The Quarterly of the Texas State Historical Association, Volume 1, July 1897 - April, 1898 Page: 165
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Thoughts on Economic History.
general unanimity accepted it as the basis of the science of political
economy. Its diffusion after that was much more rapid, and its
doctrines soon became a part of an ordinary liberal education.
They became at the same time a part of the convictions of the lead-
ing men among the ruling classes of England, and were soon made
operative in the laws which affected the economic affairs of the
The doctrines of political economy, however, are slow in reaching
the minds of the people at large. The reasons are obvious. From
the nature of the case the system is a very complex one, requiring
long and earnest study to fully comprehend it and absorb its real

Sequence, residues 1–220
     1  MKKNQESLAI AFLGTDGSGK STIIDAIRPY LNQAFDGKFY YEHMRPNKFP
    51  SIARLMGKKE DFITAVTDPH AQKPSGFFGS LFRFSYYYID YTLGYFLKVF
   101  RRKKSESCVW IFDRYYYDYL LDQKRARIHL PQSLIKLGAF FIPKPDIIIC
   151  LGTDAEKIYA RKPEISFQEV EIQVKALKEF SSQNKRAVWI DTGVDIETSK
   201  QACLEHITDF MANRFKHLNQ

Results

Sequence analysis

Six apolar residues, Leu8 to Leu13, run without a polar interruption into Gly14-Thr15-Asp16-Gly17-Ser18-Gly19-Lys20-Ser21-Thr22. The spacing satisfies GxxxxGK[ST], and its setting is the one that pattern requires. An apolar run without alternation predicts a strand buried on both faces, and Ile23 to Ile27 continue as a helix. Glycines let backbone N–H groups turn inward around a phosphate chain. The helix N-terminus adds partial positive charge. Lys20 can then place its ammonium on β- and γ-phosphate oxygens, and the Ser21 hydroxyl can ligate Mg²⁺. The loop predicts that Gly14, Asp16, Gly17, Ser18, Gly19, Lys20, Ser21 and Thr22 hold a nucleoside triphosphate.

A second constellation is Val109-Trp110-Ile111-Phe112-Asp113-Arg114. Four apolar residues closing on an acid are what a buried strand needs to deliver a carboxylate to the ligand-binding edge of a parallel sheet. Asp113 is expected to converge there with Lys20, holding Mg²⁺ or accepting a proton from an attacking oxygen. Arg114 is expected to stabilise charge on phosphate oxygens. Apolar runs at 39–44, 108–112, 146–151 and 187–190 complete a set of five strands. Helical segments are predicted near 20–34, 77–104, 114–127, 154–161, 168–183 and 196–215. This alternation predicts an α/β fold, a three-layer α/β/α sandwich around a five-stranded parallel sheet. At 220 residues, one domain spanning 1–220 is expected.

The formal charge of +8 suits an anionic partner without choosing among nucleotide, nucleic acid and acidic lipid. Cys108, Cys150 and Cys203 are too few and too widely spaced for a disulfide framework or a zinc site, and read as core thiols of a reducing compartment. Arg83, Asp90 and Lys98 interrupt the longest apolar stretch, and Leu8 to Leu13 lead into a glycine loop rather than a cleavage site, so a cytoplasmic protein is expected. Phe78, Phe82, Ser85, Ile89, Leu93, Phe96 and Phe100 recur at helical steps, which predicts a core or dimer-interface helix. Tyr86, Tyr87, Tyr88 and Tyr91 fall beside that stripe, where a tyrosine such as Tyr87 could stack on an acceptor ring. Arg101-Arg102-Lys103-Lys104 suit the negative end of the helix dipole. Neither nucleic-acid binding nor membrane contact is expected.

spirit. It has always been known as the dreary science, and its
special votary bears the name of Dr. Dryasdust. To the popular
mind it is usually without the sympathetic attractions of the novel
and drama and the sensuous or aesthetic attraction of art. More-
over, it is a field of thought adapted to mature minds and well
disciplined faculties, and not to youthful ones unless they are pre-
cocious. By the time the mind and its experiences have reached
sufficient maturity habitual and hereditary ideas have become set-
tled and are hard to modify or displace. But the importance of
sound economic ideas is rapidly becoming so great, and the inter-
ests which depend upon them are become so momentous, that the
public welfare and the public safety demand that no effort be
spared to make them a part of the intellectual equipment of the
people at large.
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Texas State Historical Association. The Quarterly of the Texas State Historical Association, Volume 1, July 1897 - April, 1898, periodical, 1897/1898; Austin, Texas. (texashistory.unt.edu/ark:/67531/metapth101009/m1/186/: accessed August 17, 2017), University of North Texas Libraries, The Portal to Texas History, texashistory.unt.edu; crediting Texas State Historical Association.